To the sound of chilling screams, dozens of Chaldeans and other Iraqis were detained by Immigration and Customs Enforcement (ICE) agents on June 11 in Michigan. The raids occurred in Dearborn, West Bloomfield, and Sterling Heights.
Eman Jojonie-Daman, an immigrant lawyer representing some of those who were rounded up, told CBS that sweeps targeting Iraqi Christians in the Metro area took place in the early morning.
“They took them all in to the ICE office in downtown Detroit and put them on buses to get them ready to go to Youngstown, Ohio to the Northeast Correctional Facility there for final deportation back to Iraq,” Jojonie-Daman explained.
According to the Chaldean Community Foundation, outside of Iraq, Metro Detroit is home to the largest Chaldean population—121,000. Some residents have ties to the metroplex that reach as far back as the 1920s.
Chaldeans, an indigenous people, are a Catholic minority in Iraq with historical association to ancient Mesopotamia.
In Iraq, they face widespread discrimination that manifests in waves of targeted violence against their churches, homes, and villages. Their plight is largely ignored. And now, President Donald Trump’s administration is deporting them back to Iraq, where they’ll face discriminatory violence, and even death, at the hands of extremist groups like the Islamic State, which targets and kills members of minority sects.
Ramsin Canon, a former union organizer and Assyrian-American raised in the Chicago diaspora community, comes from the north of Iraq and Baghdad. His father was an Assyrian activist under the Baath regime before fleeing with his mother and earning political asylum.
As an attorney in Chicago, Canon was among the legal advocates, who came to O’Hare International Airport on the first night Trump’s travel ban went into effect. He is currently active with the Chicago Legal Responders Network created in the wake of that action.
Canon told Shadowproof that Chaldeans, like other minorities in the Middle East and North Africa, came to the U.S. “in waves of reaction to various political events in the Middle East, starting with the Turkish genocide, accelerated by various Arab nationalist eruptions up through the ascension of Saddam Hussein in the late Seventies.”
He also said the Chaldean population in metropolitan Detroit has a high rate of small business ownership, “but like many groups that settled in Detroit, they first settled there because of the availability of manufacturing jobs.”
The ICE raid on Sunday, which produced a chilling effect within the small community, came without warning, Canon said, although ICE may have worked with local authorities in order to identify and apprehend specific individuals.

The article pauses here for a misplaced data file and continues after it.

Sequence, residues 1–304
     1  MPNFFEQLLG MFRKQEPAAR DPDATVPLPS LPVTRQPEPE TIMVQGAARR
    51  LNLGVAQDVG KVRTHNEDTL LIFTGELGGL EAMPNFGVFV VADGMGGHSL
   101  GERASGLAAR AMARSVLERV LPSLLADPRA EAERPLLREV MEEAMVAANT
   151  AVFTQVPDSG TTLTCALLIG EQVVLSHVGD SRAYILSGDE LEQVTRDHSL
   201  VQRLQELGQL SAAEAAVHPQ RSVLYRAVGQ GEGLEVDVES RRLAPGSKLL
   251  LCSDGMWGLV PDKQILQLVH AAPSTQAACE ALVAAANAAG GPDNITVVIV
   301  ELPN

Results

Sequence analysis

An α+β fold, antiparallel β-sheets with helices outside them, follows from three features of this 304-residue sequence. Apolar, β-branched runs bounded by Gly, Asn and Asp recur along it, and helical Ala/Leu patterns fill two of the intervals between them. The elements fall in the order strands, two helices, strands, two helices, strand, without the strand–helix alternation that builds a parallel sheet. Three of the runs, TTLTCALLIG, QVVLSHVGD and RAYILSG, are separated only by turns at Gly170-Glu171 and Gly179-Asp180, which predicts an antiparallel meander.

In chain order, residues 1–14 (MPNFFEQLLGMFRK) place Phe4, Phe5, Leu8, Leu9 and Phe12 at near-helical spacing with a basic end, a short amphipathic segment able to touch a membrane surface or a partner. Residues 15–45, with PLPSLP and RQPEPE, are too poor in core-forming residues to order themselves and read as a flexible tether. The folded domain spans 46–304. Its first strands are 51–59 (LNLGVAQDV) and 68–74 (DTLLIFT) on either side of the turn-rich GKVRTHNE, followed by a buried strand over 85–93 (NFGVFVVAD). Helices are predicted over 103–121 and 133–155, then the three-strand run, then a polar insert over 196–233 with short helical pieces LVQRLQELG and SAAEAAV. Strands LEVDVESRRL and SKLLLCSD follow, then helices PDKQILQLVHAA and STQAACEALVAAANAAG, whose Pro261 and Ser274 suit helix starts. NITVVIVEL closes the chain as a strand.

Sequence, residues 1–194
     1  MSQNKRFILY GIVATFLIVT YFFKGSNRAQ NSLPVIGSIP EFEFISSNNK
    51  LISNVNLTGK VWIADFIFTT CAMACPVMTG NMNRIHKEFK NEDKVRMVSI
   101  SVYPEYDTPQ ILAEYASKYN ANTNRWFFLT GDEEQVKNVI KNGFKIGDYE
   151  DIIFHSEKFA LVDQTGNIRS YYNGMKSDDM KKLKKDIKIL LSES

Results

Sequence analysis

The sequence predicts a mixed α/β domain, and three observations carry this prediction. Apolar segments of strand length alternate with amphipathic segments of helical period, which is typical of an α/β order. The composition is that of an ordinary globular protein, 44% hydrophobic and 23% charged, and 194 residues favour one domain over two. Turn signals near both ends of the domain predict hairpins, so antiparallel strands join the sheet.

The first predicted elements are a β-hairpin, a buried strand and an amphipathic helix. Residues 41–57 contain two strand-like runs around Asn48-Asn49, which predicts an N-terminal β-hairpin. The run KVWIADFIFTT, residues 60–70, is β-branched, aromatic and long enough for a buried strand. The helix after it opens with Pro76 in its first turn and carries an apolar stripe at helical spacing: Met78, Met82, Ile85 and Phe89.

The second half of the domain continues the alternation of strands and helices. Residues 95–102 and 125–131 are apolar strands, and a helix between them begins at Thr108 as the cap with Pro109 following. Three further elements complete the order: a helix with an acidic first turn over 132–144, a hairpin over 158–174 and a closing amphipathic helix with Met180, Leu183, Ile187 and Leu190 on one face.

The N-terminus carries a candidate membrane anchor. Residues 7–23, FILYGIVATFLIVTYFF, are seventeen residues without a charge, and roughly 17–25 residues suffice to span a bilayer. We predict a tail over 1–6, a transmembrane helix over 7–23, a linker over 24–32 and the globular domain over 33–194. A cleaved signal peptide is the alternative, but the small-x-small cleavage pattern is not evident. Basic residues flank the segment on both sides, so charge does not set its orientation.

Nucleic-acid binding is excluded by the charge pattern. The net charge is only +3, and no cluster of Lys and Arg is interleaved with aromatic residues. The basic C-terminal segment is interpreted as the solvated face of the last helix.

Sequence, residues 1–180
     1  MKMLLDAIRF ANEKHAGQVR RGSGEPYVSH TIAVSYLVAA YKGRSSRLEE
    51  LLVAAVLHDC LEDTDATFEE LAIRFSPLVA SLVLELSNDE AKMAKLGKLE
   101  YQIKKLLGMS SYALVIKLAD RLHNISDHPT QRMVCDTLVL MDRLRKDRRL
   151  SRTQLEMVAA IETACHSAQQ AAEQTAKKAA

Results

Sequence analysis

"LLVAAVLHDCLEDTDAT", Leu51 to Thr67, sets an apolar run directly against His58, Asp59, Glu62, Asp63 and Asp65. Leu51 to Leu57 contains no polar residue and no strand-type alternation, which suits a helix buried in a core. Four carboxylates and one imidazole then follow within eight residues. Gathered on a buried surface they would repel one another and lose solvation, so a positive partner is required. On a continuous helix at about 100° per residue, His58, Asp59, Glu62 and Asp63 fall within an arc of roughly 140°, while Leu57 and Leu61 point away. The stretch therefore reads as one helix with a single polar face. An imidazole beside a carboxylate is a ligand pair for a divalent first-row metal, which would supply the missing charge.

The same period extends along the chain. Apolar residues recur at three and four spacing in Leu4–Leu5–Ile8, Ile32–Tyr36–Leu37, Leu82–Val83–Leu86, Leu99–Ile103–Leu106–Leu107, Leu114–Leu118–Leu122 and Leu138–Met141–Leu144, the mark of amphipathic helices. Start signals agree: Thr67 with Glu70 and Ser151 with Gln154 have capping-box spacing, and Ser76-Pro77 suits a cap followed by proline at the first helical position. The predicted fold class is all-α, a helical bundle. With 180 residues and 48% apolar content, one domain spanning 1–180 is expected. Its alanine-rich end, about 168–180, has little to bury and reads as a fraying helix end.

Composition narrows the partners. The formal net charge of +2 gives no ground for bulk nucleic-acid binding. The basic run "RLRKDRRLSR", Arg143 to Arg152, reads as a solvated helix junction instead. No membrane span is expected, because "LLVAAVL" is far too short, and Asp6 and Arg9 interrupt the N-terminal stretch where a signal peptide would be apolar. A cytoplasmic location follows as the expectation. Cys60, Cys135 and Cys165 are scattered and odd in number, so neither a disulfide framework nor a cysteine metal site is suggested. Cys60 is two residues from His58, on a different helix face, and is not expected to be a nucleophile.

“What we know is that ICE had identified people they were searching for, they showed up at churches and likely other locations and identified and detained those on their target lists,” according to Canon.
While mainstream publications, going on what ICE officials have so far disclosed, allege upwards of 40 people were detained, Canon alleged the number was closer to 50. He maintained there was a wide variation of justifications for the arrests despite most reports alleging criminal activity.
“Some had drug arrests that were decades old, some had long rap sheets, some, we think, just lacked permanent status. We are still trying to organize support for the community there to determine who was detained and why,” Canon shared.
Since the raids, Chaldean and Assyrian communities reacted with some degree of surprise, Canon says, “because of the rhetoric of the Trump administration and the right generally that the plight of ‘Middle Eastern Christians’ needed to be a central one to American foreign and immigration policy.”
Community organizers in and outside the church scrambled to find legal and family support for those impacted. They also sought to prepare the community for future ICE raids.
“Given the disaster for Iraqi minorities,” Canon said communities thought there would be favorable treatment from the Trump administration After all, “More than a million Assyrians and Chaldeans have fled Iraq since 2013, a virtual wipeout of the population from areas they had lived for, literally, thousands of years.”
“There are families who have been in this country for decades being shattered, given the dangerous conditions in Iraq and on-going coercive land transfers,” Canon noted. “These deportations will undoubtedly result in misery, if not outright killings.”
Many of the Chaldeans are from Mosul. Before the intense Arabification under Baathists and the Iraq War, they comprised a significant portion of the country’s urban bourgeoisie.
Canon further indicated the destruction of Mosul and the mass exodus of Assyrians and Chaldeans from the district “means that those being deported have literally nothing to return to—no homes, no family, or even extended family.” They face a “hostile local population.”
For Chaldeans and Assyrians delicately settled in the West, this raid means that they are at risk of becoming what Canon described as “a people with no place in the world.”
“For a people with such small numbers already, that is an existential problem.”